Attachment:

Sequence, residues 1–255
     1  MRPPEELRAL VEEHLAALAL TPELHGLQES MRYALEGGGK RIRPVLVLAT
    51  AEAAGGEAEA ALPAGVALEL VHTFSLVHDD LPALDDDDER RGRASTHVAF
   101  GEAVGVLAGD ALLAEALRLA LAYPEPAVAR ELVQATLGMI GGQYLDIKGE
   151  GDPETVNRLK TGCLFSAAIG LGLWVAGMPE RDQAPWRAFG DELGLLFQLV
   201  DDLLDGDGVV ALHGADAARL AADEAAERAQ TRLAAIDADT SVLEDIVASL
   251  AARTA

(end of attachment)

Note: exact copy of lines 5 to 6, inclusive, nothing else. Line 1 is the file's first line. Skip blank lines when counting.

   151  GDPETVNRLK TGCLFSAAIG LGLWVAGMPE RDQAPWRAFG DELGLLFQLV
   201  DDLLDGDGVV ALHGADAARL AADEAAERAQ TRLAAIDADT SVLEDIVASL